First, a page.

What's to come is still unsure:
In delay there lies no plenty;
Then come kiss me, sweet and twenty,
Youth's a stuff will not endure.
The Times today has a long article on "emerging adulthood" (the tweens), increasingly advocated as a newly normative stage of psychological development. It is the ever more de rigueur period in which twenty-somethings "find themselves," bouncing in and out of jobs and relationships, moving back home, etc. It struck me because of the similarities with "new" psychopathological syndromes, such as increasingly mainstream obesity, (adult) ADHD, soft bipolarity, etc.
One similarity is the jostling of neuroscientific and cultural explanations. On the one hand, brain scans suggest that the pre-frontal cortex continues to develop until age 25, so why shouldn't we expect emotional and cognitive development to be an adventure until that time? Well, there is the fact that throughout much of the world and throughout history, sociological maturity kicked in well before age 25, that is, "emerging adulthood" is a phase that many have apparently been able to skip when needed.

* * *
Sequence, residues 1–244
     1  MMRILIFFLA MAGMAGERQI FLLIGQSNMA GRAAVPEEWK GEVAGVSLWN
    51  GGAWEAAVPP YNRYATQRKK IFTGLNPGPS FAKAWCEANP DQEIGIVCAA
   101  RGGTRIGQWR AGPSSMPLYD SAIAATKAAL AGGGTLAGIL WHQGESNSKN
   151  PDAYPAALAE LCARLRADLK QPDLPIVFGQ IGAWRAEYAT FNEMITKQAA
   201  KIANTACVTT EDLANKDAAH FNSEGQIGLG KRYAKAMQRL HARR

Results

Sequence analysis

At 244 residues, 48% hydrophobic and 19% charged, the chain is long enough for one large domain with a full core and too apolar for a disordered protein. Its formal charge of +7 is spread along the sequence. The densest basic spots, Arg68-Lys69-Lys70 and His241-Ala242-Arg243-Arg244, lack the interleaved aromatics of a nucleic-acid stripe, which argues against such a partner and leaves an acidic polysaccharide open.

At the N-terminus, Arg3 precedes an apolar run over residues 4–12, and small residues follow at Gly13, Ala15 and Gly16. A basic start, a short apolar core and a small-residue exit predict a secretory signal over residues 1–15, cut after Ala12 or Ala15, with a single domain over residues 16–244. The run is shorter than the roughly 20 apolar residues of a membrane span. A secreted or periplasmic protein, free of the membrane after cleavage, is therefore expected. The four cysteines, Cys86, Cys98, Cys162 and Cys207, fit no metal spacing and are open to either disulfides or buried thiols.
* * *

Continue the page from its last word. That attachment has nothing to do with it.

The piece suggests that "emerging adulthood" may actually be an artifact of prosperity; basically, twenty-somethings lollygag around because they can, because they live in the most well-off nation-state in the history of the world, and their parents are willing and able to indulge them. To be sure, this is a mixed blessing: too much promise and too many choices can be burdensome. As I have argued before, the vices of the rich are now the vices of the middle class, who are rich beyond the dreams of avarice compared with most human beings who have ever lived. And yet we try to use neurobiology to justify this sociological state of affairs. It is the brain that adapts to the environment and to society, not vice versa.
And yet this needn't be a pejorative development. Life span is increasing, reproductive technologies augment the opportunities for child-bearing, and the retirement age may eventually be 70 or 75, so what is the hurry, exactly, to settle into the grind of work and children? The crucial change is in attitudes and expectations--the stigma of living with one's parents until age 30 is not so biting. Some sort of cultural tipping point has occurred, which may or may not have anything at all to do with neurobiology. This is allegedly about normal psychology, but it parallels metamorphoses in psychiatric diagnosis. We collectively decide what is normal, then look to science to try to justify the decision.